Elena is a 20-something social worker living in the Dominican Republic. She’s the daughter of a Haitian sugar cane worker and is struggling to get her government issued ID so she can continue her work. An ID would allow her to vote, give her more rights as a citizen and open up educational and career opportunities for her. But there is a deep-seated animosity that Dominicans feel towards Haitian immigrants. It’s one that is deeply entrenched into the history of the Hispaniola and is not changing anytime soon.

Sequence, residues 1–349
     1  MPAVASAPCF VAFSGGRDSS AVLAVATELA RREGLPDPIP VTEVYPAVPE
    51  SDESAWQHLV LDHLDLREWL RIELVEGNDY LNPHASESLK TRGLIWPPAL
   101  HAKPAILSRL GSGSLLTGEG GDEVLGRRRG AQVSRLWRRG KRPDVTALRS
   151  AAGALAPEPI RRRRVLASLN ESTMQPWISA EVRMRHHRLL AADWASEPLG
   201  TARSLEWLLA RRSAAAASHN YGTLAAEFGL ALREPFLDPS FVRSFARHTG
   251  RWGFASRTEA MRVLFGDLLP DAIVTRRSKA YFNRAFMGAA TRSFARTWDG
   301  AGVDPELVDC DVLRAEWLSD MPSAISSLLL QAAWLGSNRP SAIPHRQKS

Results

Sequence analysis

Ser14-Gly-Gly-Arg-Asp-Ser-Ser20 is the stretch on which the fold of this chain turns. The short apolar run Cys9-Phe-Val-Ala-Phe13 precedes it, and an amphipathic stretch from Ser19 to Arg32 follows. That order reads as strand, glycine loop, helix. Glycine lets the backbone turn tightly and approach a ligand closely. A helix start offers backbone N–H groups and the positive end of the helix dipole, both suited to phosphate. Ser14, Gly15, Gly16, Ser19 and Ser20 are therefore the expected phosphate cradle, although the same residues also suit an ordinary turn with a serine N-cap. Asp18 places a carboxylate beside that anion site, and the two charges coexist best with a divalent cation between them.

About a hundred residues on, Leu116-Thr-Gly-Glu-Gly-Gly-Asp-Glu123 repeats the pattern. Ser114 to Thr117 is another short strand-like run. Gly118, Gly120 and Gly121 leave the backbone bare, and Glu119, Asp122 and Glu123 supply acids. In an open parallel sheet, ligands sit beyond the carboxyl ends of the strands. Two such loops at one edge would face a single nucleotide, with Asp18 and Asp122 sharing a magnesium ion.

Directed by Michèle Stephenson, Elena is a moving short documentary about the strife between Haitians and Dominicans as told the story of one woman. I’m half Dominican and have studied the history of my mother’s homeland over the years. Anyone who has read Edwidge Danticat’s The Farming of Bones or knows anything about Dominican dictator Rafael Trujillo’s government imposed massacre of Haitian immigrants will know that this has been a longstanding problem on the island. For others, Elena will serve as a gentle and worthwhile introduction to this ongoing conflict. Stephenson chose a great subject for this poignant documentary. I was thoroughly invested in Elena’s story and by the end felt I like I made a new friend.
Elena was part of the 2021 Double Exposure Film Festival.